This article considers two cultural products that appeared almost simultaneously at the end of the 19th century
in South Africa – the motorcar and the picture postcard – in terms of their joint avowal of technological progress
and modernity. Both postcards and the motorcar promoted new modes of communication and sociality,
and became effective vehicles of mythic discourse. In order to explore this notion, this article takes as point of
departure a purposive sample of 11 South African postcards between about the 1920s and the 1940s, wherein
the roadscape is the primary topic. It is shown that from the earliest years, cars were associated with leisure
and pleasure in South Africa and were consequently channels through which propositions about entitlement,
conspicuous leisure, class, nationhood, gender roles, capitalism, technology, modernity, tourism and mobility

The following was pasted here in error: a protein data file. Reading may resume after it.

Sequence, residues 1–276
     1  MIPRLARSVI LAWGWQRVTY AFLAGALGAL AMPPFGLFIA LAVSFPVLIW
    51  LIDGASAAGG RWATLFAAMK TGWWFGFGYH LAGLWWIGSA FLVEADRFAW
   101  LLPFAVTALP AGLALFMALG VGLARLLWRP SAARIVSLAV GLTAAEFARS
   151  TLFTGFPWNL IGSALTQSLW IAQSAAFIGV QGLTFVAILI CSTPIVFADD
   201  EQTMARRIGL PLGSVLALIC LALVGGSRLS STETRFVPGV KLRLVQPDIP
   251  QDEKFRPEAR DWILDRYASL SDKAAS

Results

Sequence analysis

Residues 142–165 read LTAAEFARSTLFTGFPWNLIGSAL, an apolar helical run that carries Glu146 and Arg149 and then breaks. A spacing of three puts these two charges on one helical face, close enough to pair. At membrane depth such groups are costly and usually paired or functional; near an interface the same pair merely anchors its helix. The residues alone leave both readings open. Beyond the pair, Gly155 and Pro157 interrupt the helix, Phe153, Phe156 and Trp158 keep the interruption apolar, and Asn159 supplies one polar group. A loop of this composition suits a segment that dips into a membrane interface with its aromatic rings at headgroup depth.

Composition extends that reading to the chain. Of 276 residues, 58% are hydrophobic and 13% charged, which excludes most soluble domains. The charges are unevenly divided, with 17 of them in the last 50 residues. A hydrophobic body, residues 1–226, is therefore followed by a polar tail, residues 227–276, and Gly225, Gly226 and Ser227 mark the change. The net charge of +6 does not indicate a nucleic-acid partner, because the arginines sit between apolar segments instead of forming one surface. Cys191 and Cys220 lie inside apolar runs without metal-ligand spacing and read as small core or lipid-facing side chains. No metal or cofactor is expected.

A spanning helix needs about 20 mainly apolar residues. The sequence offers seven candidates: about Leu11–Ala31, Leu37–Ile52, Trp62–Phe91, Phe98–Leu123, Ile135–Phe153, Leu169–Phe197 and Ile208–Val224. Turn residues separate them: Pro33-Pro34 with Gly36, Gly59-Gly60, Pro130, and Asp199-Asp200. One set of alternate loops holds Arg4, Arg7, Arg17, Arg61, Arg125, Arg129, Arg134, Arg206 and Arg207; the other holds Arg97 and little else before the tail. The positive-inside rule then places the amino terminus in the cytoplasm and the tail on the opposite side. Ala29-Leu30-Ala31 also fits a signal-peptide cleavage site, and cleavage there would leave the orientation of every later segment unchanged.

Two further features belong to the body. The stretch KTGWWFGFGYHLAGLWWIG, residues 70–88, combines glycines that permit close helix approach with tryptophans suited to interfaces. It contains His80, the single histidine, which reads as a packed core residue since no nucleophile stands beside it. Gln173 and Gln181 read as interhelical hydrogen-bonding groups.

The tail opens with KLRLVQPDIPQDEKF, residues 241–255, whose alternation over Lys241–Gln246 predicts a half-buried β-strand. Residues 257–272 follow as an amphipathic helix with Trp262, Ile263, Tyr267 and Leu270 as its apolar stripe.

were expressed. In the discussion of the postcards, attention is given to the trope of the empty land, the
romance of the open road, cars as symbols of freedom, and the lure of mobility, both social and geographical.
The article concludes that the myths of mobility and freedom were embodied by white consumers and that
black people’s experience of automobility was severely constrained by the political realities of South Africa.